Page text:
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Recipe for Designing the Marketing Plan that Sets You Apart from the Crowd

How do you stand out in a crowded market and differentiate yourself from the competition? In these complicated times, most of us just want to keep our heads down, do our job and make a difference in the lives of the stakeholders we serve. Know that it is possible to break through the clutter with a marketing plan that emphasizes your organizational strengths and focuses on the key audiences that matter most.

Plenty of organizations have marketing plans. The question is, are they sitting on the shelf or are they being used as a guide that supports organizational goals? Do they incorporate measures of success? When the environment changes, is your organization adjusting strategies and tactics to navigate barriers and take advantage of opportunities?

Here are some communication tips to help you write a marketing plan that will stand the test of time and go beyond impacting attitudes to changing behaviors.

Start with research. What you don’t know can make all the difference. What do your key markets know about you? What don’t they know? What is your USP (unique selling proposition) that makes you stand out? Your USP is the essence of your brand...

Ask the tough questions and use the right methodology (or methodologies) to reach key audiences (including those who know you well and those who do not). You might find a quantitative online survey combined with qualitative personal interviews is effective., Or perhaps you will decide on the strategy of using social media to connect with folks who don't know you.

Don’t Forget Your Internal Audience. One key audience that is sometimes overlooked is your internal audience: staff, Board members, volunteers. Don’t underestimate the value of your own people as your best and most credible ambassadors, and the fact that they can provide a solid connection to the communities you serve. They will be your eyes and ears, giving you feedback based on their conversations with external audiences. It is important that they buy in to the mission, vision and values of your organization and can communicate your organization’s actions and key messages with one voice.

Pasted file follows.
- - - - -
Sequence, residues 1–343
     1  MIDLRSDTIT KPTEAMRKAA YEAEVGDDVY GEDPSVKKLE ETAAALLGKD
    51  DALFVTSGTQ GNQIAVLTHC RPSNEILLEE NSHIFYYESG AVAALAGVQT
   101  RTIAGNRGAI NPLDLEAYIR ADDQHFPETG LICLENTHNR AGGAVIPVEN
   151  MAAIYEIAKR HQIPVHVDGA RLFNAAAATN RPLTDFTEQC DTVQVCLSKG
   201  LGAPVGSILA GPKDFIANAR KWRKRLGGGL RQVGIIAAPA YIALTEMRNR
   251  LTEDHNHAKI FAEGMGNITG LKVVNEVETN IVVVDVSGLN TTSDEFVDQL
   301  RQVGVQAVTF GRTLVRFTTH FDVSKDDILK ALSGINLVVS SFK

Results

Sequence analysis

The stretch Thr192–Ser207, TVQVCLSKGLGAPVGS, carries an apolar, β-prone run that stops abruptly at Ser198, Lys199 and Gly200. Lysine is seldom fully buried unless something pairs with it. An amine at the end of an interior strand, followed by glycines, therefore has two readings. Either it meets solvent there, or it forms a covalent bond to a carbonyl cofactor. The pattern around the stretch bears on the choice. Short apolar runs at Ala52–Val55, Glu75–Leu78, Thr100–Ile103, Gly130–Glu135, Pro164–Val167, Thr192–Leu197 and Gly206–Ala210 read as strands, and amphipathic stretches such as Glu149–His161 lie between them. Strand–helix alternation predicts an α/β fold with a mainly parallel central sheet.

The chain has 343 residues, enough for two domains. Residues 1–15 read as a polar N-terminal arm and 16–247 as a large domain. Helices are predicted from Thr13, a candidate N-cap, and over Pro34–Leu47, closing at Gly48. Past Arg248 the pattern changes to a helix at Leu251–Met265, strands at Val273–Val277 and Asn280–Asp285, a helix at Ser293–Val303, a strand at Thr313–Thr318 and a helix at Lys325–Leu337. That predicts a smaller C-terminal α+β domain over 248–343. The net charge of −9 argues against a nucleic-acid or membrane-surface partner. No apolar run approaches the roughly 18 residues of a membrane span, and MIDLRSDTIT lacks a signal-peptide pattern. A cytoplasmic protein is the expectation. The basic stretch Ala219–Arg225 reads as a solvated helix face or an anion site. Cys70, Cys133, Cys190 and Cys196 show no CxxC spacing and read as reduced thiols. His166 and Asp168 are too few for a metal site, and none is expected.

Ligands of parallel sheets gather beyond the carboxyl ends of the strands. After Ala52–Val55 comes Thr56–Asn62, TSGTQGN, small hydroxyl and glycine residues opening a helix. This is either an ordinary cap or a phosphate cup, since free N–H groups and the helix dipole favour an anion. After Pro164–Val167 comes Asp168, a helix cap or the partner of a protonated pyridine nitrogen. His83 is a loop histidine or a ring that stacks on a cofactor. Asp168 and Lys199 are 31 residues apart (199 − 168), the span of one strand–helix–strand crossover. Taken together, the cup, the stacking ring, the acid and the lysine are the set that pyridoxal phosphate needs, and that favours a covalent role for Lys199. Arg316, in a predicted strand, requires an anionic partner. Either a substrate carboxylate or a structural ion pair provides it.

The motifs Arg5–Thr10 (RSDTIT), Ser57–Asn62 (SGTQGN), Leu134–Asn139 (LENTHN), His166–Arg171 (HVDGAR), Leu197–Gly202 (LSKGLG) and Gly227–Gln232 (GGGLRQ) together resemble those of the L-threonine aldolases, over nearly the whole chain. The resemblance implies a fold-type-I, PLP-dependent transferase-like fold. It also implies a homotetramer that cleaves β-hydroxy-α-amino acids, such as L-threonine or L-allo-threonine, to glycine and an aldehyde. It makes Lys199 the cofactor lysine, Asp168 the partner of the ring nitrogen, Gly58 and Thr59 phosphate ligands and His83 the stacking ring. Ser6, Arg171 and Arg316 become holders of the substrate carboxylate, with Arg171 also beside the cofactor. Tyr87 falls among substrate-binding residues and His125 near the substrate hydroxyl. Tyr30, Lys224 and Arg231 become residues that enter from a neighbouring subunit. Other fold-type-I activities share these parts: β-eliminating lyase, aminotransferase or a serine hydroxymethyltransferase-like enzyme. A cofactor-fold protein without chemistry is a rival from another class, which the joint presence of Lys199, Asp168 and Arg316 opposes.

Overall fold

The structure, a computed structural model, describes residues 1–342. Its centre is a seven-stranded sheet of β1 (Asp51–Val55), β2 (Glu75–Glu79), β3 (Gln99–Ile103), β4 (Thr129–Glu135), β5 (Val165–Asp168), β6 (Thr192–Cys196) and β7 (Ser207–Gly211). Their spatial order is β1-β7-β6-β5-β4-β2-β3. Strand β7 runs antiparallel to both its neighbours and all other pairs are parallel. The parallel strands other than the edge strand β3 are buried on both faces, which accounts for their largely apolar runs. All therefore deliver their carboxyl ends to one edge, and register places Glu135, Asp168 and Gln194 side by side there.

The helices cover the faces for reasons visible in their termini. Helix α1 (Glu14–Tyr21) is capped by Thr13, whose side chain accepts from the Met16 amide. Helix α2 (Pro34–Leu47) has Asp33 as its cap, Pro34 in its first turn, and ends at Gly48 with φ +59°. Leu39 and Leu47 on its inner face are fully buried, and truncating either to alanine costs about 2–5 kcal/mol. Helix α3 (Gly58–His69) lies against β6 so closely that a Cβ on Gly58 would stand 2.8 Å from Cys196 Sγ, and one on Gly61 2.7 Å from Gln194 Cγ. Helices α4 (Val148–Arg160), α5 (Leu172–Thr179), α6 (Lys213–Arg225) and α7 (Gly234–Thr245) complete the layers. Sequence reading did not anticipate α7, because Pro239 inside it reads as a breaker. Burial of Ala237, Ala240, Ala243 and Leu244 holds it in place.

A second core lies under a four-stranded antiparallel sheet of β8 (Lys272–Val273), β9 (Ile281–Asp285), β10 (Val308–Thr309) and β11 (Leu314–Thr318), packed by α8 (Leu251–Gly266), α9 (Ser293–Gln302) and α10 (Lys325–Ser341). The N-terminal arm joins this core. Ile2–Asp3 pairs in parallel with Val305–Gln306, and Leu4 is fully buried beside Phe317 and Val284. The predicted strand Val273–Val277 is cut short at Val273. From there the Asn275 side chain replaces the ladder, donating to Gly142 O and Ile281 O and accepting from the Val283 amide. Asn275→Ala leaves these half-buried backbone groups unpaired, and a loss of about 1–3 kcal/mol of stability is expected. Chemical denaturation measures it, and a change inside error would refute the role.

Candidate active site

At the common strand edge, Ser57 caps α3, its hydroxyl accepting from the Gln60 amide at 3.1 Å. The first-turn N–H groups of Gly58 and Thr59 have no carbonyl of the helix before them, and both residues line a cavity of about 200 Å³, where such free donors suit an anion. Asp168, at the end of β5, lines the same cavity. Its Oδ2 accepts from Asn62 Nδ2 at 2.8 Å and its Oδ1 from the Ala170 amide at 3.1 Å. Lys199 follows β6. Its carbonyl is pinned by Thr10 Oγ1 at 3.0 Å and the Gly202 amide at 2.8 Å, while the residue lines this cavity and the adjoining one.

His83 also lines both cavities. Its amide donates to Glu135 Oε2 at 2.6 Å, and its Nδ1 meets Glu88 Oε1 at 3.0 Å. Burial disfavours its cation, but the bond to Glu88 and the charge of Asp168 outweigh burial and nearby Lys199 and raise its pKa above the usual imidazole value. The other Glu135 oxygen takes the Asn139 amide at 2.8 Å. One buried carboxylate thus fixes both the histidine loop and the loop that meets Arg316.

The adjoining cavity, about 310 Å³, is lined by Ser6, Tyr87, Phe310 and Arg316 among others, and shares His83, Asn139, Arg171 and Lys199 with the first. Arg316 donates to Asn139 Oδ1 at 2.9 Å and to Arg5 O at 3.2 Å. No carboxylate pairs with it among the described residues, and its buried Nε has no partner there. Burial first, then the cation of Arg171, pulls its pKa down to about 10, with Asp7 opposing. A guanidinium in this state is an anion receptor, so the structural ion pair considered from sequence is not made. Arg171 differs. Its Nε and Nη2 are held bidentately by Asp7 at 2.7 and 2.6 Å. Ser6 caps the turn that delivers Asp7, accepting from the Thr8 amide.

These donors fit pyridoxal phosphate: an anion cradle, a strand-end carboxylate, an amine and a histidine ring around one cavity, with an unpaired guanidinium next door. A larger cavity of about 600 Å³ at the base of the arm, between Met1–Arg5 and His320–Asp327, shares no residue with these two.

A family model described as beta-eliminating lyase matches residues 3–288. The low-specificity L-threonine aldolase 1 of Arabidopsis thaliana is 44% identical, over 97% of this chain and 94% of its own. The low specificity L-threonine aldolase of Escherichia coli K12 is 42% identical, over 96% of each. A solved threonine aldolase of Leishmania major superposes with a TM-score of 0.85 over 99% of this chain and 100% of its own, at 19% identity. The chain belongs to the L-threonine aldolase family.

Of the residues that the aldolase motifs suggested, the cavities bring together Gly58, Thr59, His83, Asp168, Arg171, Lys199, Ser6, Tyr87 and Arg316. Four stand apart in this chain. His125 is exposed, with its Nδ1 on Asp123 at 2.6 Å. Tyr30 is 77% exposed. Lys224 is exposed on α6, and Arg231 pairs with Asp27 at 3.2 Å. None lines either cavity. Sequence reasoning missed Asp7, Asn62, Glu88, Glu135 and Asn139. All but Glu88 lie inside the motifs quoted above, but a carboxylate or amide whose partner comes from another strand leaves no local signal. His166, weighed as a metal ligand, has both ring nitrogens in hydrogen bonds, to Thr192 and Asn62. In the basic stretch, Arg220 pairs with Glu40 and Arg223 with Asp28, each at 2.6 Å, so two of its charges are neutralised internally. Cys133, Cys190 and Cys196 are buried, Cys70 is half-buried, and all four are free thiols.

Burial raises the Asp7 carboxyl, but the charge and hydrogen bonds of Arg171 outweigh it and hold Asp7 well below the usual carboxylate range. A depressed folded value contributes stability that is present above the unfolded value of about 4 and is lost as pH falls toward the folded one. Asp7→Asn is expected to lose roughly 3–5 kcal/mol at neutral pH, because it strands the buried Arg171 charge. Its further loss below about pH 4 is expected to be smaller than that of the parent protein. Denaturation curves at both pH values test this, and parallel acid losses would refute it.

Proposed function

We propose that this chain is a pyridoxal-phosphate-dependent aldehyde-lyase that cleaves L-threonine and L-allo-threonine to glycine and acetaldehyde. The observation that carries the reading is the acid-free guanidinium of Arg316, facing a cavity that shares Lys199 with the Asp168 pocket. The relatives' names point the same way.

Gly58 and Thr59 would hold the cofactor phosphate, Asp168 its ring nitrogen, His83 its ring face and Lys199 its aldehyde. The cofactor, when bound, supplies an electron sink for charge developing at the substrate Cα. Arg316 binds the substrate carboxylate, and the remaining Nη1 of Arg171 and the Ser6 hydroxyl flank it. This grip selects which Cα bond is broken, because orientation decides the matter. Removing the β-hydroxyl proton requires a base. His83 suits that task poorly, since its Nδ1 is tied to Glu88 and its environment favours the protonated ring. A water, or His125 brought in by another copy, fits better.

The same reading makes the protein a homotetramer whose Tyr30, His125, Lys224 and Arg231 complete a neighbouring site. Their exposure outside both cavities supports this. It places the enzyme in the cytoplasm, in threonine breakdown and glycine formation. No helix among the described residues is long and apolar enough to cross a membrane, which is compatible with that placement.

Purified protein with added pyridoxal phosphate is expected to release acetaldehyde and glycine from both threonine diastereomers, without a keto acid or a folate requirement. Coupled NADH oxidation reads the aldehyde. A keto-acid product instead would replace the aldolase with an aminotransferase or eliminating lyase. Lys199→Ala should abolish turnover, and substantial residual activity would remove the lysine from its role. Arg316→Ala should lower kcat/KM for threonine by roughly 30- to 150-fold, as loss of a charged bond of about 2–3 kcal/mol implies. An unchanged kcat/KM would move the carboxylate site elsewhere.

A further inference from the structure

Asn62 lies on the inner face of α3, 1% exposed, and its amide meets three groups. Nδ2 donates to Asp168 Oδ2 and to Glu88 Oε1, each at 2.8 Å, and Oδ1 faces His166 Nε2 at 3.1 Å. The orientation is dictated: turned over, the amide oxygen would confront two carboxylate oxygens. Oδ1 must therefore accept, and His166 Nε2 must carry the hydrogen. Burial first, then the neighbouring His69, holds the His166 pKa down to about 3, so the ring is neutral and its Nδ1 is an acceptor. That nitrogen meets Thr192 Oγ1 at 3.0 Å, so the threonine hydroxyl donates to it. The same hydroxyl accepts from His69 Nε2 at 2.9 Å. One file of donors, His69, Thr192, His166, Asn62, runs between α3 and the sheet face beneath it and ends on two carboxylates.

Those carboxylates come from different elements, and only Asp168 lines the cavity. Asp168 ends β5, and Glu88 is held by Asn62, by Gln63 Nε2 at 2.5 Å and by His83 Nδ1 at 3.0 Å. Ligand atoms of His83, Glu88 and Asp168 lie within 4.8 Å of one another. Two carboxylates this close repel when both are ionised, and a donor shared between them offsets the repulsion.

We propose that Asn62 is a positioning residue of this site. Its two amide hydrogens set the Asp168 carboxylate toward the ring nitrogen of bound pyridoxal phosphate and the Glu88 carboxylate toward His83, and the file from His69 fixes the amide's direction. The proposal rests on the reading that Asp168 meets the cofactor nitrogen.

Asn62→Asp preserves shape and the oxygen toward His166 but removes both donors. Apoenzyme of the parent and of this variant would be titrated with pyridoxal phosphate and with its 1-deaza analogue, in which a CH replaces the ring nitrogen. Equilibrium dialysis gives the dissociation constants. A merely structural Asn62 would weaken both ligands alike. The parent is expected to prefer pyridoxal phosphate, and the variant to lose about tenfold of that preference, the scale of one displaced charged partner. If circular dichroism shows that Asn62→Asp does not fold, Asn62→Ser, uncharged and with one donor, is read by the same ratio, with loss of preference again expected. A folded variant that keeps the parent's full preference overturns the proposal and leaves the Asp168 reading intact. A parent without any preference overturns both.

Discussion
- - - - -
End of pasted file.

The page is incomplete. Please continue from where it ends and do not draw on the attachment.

After the research phase, you should have a clear idea of who you are and how others experience you. This will allow you to reinforce key messages and address misperceptions as you move forward with executing your marketing plan.

At this point you can write the marketing plan. Start with the goals and objectives; what do you want to do? Who are your key stakeholders? What do you want them to do, or not do, or keep doing? What does the environmental scan look like – in other words, what is happening inside and outside the organization that could impact your plan? Where are the t opportunities, and the dangers? Look at your communication assets: you are you taking full advantage of your website, your social media channels, and other tools that will help you get your messages out? Have you considered taking advantage of triggering events that will shine the spotlight on your organization?

It is important to keep the plan real -- -think through your capacity and your capability to execute the plan…if you can’t do it all, what are the priorities? Have you established a timeline with assigned responsibilities? A budget for associated expenses?

Think outside the box -- have you considered the strategy of building a coalition with key partners who have an interest in achieving similar goals and outcomes?

Consider your digital outreach options strategy— as social media impact declines, and traditional media slows — there are new ways to connect directly to key markets?

Finally, ask yourself the million dollar question – how will you evaluate? What are your measures of success?


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